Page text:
Beekeeping class April 26 at Rock Steady Farm

Hana’ Maaiah, who has always been “entranced by bees,” will lead a workshop.

Maya Hector

Beekeeping class April 26 at Rock Steady Farm

MILLERTON — On Friday, April 26 from 2 p.m. to 5 p.m., facilitators Hana’ Maaiah and Brittany Levers will lead a workshop on beekeeping at Rock Steady Farm, a queer owned and operated vegetable farm at 41 Kaye Road in Millerton. Through games, demonstrations, interactive activities, and discussions, participants will gain hands-on experience and knowledge while exploring decolonizing practices and reimagining the relationship with nature.

Hana’ Maaiah, the Food Systems Manager at Soul Fire Farm in Petersburg, New York, brings a decade of farming experience and a passion for advocating for farmers and educating youth.

Prior to her work at Soul Fire Farm, she was the assistant farm manager at a small urban farm in Birmingham, Alabama, called Jones Valley Teaching Farm where she was paid to take a master beekeeping class.

“I’ve always been entranced by bees,” she shared. “I think they’re fascinating, and we know their power within the food system. They prop us up, right? More than half of our food system wouldn’t even exist without bees.”

The class was comprised almost entirely of older, white men, despite Birmingham’s majority black population, highlighting systemic barriers faced by BIPOC individuals in accessing agricultural resources and knowledge. She reflected, “I kept telling myself ‘You’re here for the bees, you’re here for the bees.’”

Pep talk aside, Maaiah eventually left the class but the experience has informed her teaching style. She shared, “You have to be in a space where you can feel supported, you can learn, you can ask questions, and that the information feels like it’s something you want to continue to pass forward.”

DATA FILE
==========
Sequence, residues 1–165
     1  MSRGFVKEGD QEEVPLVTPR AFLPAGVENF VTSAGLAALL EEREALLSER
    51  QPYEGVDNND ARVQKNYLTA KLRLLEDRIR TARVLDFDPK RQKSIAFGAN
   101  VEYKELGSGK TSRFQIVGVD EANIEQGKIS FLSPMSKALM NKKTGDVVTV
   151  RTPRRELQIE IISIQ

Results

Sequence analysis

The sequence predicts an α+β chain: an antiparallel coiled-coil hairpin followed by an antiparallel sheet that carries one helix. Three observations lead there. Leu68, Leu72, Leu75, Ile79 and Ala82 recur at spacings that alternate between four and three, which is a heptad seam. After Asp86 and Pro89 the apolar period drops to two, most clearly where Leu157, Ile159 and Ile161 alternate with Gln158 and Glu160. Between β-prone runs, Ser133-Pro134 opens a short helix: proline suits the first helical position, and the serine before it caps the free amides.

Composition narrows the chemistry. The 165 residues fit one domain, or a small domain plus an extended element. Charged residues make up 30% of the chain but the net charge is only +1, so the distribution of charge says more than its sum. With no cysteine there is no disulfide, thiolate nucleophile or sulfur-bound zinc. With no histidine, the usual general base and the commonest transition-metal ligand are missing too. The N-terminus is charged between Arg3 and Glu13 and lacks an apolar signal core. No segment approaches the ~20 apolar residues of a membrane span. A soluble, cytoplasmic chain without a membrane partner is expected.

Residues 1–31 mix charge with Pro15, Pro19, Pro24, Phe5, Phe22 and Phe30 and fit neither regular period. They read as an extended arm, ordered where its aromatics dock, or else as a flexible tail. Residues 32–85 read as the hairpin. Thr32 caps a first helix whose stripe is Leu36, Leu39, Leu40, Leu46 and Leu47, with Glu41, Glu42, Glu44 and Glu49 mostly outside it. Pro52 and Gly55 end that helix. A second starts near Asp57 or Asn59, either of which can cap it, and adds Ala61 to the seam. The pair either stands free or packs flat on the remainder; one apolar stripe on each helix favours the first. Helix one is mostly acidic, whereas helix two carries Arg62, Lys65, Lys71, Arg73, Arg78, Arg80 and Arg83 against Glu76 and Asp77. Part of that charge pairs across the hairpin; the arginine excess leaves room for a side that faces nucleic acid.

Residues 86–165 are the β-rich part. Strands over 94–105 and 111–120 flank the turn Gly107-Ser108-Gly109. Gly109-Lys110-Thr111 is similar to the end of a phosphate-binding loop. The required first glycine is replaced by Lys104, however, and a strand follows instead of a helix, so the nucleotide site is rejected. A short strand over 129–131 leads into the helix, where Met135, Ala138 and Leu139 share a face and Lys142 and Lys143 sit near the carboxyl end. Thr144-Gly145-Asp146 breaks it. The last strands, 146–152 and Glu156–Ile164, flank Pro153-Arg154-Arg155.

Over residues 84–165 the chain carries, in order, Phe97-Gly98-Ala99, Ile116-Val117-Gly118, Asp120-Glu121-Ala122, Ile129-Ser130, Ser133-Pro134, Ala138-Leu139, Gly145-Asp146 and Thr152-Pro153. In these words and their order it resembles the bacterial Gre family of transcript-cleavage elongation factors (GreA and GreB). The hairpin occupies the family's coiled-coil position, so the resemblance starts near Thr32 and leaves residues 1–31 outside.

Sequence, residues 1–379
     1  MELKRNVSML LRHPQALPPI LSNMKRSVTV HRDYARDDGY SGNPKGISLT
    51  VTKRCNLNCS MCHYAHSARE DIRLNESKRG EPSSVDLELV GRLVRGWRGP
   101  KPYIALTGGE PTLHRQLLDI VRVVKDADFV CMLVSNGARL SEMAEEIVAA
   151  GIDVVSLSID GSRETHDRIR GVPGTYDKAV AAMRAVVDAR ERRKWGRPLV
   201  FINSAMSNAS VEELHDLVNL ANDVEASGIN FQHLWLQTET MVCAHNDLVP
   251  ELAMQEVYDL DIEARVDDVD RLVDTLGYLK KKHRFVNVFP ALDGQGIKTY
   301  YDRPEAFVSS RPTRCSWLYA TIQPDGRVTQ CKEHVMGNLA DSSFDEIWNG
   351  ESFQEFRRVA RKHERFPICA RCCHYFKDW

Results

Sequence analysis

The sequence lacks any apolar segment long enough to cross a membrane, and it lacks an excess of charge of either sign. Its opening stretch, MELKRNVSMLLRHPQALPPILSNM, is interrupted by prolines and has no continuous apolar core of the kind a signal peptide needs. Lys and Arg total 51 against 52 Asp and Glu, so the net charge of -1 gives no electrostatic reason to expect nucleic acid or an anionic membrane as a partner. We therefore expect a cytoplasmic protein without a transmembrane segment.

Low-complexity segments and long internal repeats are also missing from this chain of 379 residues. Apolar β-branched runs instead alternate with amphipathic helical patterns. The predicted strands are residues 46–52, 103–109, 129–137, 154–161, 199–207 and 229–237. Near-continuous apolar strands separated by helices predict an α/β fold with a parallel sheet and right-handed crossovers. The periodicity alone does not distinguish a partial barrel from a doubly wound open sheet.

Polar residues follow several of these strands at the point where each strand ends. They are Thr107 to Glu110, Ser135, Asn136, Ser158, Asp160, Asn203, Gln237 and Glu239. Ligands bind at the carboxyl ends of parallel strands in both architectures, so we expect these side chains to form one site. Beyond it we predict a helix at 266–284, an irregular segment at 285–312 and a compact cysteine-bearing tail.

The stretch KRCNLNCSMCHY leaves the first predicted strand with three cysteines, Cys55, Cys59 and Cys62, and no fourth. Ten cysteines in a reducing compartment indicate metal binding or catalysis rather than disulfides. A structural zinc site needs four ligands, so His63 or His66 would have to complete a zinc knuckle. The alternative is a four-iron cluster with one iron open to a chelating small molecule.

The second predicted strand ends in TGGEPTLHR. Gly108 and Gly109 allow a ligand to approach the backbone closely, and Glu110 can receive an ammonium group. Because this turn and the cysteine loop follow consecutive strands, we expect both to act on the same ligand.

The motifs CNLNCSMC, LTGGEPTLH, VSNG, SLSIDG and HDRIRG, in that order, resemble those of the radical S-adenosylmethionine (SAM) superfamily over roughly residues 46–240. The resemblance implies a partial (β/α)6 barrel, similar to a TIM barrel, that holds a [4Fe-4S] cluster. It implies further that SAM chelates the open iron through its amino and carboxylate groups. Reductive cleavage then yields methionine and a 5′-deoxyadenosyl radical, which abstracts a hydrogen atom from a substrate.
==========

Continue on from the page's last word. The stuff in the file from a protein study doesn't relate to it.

Maaiah found a new class, a bee mentor, and after four years of beekeeping at Jones Valley, she kept bees in her own backyard “because they’re just so hypnotic,” she mused.

Maaiah’s perseverance and commitment to beekeeping not only speak to her passion for the craft but also underscore the importance of creating inclusive spaces within agriculture where diverse voices are valued and supported. She is also thrilled to share that bees will be arriving at Soul Fire farm next month.

Maaiah met Brittany Levers at a mushroom workshop in Troy, New York. When Ainhoa Woodley, a farmer and Farm Education Manager at Rock Steady put out a call for skill sharing in the community, Maaiah and Levers decided to pair up and share their knowledge.

Brittany Levers will also facilitate the April 26 workshop.Noelia Salinetti of Woven Roots Farm

“We’re really trying not to do a crash course in a business sense. It’s not going to be a ‘How to Harvest Honey’ class or something,” Maaiah laughed. “But if you’ve ever been curious to kind of just test the waters, then let’s explore.” Levers added, “Even if they don’t decide to beekeep themselves, they serve a pertinent purpose in our ecosystem. I’m looking forward to spreading the joy and wonder that bees give me.”

In this beginner’s workshop, simplicity is key. “We want it to feel as possible as possible to be a beekeeper,” said Maaiah. She also posed the important question, “How can we reshape our practices to align with the needs of BIPOC (Black, Indigenous, and people of color) communities and future generations of farmers?” She went on to describe that part of the work is to center the decolonization of language around the practice of beekeeping. “What would it look like to rename colony, worker bee, drone bee, and queen bee?” as examples, Maaiah asked.